Covid measures should only be relaxed in January, epidemiologist says
At the current rate at which the number of Covid-19 infections in the Netherlands is falling, it will only be wise to relax the coronavirus measures in early to mid-January, Susan van den Hof, epidemiologist at public health institute RIVM said to NU.nl. On Tuesday the government relaxed a few measures, putting the Netherlands back in the partial lockdown implemented in mid-October. A full list of measures in place can be found her.
According to Van den Hof, a relaxation of measures can only be considered when the number of daily infections is at 7 per 100 thousand residents. "Then the chance that you will encounter someone with corona is small enough that you can allow a little more without ending up in a third wave," she said to the newspaper. Currently, nearly 25 out of 100 thousand residents have the coronavirus.
If you relax measures earlier, "You may very quickly end up in a third wave," Van der Hof said. "Then you have to take extra measures and you want to prevent it from becoming a yo-yo effect." She stressed that the relaxation or tightening of measures is not up to her or the RIVM, but to the cabinet.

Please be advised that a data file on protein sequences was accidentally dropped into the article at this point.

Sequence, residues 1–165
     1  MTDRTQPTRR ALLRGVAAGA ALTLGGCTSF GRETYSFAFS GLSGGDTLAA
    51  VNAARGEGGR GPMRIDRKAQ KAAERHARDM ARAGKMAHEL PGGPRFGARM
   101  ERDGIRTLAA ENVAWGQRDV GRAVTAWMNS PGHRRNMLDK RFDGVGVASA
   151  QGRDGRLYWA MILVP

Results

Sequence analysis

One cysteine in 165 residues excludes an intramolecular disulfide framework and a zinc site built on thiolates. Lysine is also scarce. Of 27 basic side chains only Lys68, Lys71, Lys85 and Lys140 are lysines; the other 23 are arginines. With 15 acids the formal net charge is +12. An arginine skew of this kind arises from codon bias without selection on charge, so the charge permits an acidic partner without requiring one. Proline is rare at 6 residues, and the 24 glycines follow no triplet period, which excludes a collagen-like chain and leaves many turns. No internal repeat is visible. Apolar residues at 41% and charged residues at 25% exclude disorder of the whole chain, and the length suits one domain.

Van den Hof expects that the relaxation of measures will look different this time around than it did in the spring. "In the winter it is more difficult to implement many relaxations, because hospitals are already dealing with other infections, which means that more hospital and ICU beds are occupied," she said. "The challenge is to have a package of measures that can be sustained by people and that keeps the number of infections constant or decreasing. That way you don't have to scale measures up and down all the time. I think it is easier to maintain when it is clear to everyone: this is going to be it for a while."
The number of new coronavirus cases decreased for the third week in a row last week, the RIVM said on Tuesday. Last week positive tests fell by 14 percent. The week before there was a 32 percent decrease. This is in line with the RIVM's predictions, Van den Hof said.
Infections decreased faster in the first wave, but the RIVM is not surprised that it is going slower this time. "Society is a bit more open than it was during the first wave. Then the schools closed and the hair salons were also closed. Now everything is continuing a bit more than then. That means the decline is slower," she said to the newspaper.